Kaufman, in New Trading Systems and Methods, 2005, documents research he and Kermit Zeig performed over many years computerizing point and figure charting. LeBeau and Lucas also developed computerized point and figure charts in Technical Traders Guide to Computer Analysis of the Futures Markets.

P&F charts are now widely presented in many trading applications either as a native component or as a third-party plug-in, script, or external technical indicator.[citation needed]

See also[edit]

External links[edit]

Further reading[edit]

  • Aby, Carroll D.Jr. Point & Figure Charting: The Complete Guide, ISBN 0-934380-30-9
  • Anderson, J.A. and Faff, R. "Point and Figure Charting: A Computational Methodology and Trading Performance in the S&P 500 Futures Market", International Review of Financial Analysis (Forthcoming, 2006)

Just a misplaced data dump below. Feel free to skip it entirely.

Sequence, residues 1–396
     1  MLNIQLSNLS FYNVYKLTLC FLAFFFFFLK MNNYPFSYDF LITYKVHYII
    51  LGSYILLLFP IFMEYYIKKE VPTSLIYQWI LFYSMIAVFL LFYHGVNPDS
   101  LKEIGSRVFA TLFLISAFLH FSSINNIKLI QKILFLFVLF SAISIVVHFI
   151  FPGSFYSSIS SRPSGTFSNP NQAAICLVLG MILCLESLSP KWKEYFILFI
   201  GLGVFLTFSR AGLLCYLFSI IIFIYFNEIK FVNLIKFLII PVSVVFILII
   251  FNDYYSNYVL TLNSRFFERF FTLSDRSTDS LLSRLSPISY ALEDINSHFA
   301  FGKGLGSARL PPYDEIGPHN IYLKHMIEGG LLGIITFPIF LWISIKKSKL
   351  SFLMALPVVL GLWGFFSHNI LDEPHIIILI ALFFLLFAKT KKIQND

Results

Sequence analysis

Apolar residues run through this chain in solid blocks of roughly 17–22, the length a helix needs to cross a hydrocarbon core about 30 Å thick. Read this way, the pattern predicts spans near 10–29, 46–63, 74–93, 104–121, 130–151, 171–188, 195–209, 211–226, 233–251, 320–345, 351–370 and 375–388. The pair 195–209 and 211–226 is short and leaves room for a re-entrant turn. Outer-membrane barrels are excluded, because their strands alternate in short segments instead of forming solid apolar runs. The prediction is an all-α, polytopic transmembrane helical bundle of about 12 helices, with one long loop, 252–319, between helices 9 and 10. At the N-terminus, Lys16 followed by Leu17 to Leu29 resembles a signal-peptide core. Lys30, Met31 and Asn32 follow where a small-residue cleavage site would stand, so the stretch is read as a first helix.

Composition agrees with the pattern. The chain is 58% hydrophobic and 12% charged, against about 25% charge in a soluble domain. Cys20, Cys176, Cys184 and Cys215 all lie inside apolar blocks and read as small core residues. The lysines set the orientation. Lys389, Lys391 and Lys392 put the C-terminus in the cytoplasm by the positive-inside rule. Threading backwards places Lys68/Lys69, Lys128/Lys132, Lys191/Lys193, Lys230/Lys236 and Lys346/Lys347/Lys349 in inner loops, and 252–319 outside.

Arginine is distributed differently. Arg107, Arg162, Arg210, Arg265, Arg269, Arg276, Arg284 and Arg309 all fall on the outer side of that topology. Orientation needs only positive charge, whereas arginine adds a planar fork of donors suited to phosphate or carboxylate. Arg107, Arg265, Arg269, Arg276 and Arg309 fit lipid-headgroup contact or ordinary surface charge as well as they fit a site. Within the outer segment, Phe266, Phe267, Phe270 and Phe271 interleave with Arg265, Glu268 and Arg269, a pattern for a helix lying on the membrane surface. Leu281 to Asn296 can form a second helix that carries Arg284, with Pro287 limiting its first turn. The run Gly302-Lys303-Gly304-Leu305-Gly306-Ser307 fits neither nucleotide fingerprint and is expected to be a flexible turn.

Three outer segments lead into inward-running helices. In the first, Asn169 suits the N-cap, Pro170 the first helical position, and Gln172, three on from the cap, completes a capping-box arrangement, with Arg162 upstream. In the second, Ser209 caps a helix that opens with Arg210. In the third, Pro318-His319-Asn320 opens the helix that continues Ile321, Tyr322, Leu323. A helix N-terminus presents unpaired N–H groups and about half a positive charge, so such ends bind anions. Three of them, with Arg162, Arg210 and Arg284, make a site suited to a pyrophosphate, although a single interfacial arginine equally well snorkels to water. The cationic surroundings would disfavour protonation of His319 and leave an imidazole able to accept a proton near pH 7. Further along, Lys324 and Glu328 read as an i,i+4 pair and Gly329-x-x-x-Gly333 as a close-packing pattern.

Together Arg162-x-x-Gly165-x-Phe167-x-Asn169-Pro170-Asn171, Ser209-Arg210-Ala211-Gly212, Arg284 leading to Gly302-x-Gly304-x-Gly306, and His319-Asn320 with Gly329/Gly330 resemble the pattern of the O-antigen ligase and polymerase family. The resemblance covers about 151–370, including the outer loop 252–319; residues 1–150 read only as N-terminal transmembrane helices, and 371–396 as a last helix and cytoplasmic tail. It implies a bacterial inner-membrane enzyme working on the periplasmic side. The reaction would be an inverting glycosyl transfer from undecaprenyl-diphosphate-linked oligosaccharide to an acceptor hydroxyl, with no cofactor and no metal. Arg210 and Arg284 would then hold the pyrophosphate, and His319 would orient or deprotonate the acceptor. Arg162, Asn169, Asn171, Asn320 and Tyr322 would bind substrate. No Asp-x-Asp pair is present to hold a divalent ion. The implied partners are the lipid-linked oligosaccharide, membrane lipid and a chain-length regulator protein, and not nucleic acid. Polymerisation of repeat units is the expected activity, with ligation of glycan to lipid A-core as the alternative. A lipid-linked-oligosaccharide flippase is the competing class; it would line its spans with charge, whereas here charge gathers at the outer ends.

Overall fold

• Anderson, J.A., 2004. "P&F Charting - Computational Method and Distributional Forms", chapter in Computational Finance & Its Applications, Witpress, UK
  • Burke, Michael L. All New Guide to the Three-Point Reversal Method of Point and Figure, 116 pages, ringbound, ISBN 99931-2-861-9.
  • Cohen, A.W. How to Use the Three-Point Reversal Method of Point & Figure Stock Market Timing first edition 1947 - Out Of Print
  • Cohen, A.W. The Chartcraft method of point and figure trading - A technical approach to stock market trading
  • Cohen, A.W. Technical indicator analysis by point & figure technique
  • De Villiers, Victor and Owen Taylor. The Point and Figure Method - of anticipating Stock Price Movements, ISBN 1-883272-83-1